Kumar is aware that not everyone reads her books or is able to attend the motivational workshops she holds. "But, there is a large audience that is addicted to social media, and while they are at it, I'd like to put a good word out."
For a very long time, Instagram was the space where you camouflaged the banality of your life with glossy filters. Three years ago, when actor Arunoday Singh started writing verse on his handle @sufisoul, he was being followed more for his celebrity status, than for his writing. Today, many of the 1.12 lakh followers check Arunoday's feed for his meditative musings on life and love. "There are two parts to his Instagram post: one is his hand-written calligraphy that is very old-school and charming. Second, is his verse, which is not just relatable, but also soulful. He is a true poet at heart. People might say that he is talking about everyday things, but he infuses a certain lyricism to it," says Sohini Mitter, journalist and poetry enthusiast. After the actor split with his Canadian wife Lee Elton earlier this year, his posts became less frequent. His writing too has turned poignant, and touches the themes of healing, gratitude and self-love. "If you follow his work, it becomes a habit. When he stopped reflecting on my feed, I went to his page to check if he had written anything new," says Mitter.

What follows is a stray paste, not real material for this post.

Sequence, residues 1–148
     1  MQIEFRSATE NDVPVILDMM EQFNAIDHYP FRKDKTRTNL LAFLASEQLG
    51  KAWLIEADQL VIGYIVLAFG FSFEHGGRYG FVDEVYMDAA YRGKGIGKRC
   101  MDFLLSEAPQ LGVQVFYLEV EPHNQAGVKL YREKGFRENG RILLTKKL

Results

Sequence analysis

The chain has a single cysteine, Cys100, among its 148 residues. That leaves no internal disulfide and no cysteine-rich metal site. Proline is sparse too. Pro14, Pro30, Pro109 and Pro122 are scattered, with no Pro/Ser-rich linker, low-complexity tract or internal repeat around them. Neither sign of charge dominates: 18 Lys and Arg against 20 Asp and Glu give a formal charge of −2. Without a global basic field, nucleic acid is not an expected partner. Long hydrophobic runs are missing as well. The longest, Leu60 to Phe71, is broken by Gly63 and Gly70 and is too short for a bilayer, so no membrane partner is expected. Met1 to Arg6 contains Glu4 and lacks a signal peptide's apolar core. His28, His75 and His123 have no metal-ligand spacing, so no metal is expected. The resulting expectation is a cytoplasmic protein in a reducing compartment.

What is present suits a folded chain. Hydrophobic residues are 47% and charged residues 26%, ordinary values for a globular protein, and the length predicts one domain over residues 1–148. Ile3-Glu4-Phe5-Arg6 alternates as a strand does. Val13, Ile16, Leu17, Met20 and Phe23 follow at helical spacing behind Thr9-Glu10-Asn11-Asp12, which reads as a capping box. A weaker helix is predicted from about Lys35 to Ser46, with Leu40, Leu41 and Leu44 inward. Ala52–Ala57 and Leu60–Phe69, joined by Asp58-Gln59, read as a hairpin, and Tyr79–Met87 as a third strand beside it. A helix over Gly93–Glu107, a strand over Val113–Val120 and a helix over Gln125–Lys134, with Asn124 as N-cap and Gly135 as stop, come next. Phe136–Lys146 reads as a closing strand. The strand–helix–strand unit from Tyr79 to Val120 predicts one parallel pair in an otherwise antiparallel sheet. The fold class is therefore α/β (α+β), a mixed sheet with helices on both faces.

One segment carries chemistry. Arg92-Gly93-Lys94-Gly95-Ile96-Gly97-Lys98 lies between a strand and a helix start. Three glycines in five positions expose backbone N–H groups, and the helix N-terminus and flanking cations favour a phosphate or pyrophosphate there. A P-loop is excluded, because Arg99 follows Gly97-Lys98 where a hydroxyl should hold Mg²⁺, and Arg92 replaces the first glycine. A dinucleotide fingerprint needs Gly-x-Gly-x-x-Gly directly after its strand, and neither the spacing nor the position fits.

Priya Kumar @priyakumar7272 2L followers Posts a photo of a handwritten note with a "quote of the day" Pic/ Sameer Markande
Mumbai-based Ranveer Allahbadia, 26, who describes himself as a 'warrior' on @beerbiceps, says he wants to "raise the world's positivity levels through social media". Through stories and posts, he speaks of everything from facing insecurity to fighting mental health and exam stress to setting fitness goals. When the engineering graduate joined Instagram in 2015, the account was meant to exclusively address fitness. "Eventually, I tried all kind of self-improvement content," says Allahbadia, who has over six lakh followers. "I ended every video or post with an underlying message, because that's how I viewed situations personally. But as my followers started growing, I realised I needed to discuss issues that I dealt with as a teenager, too."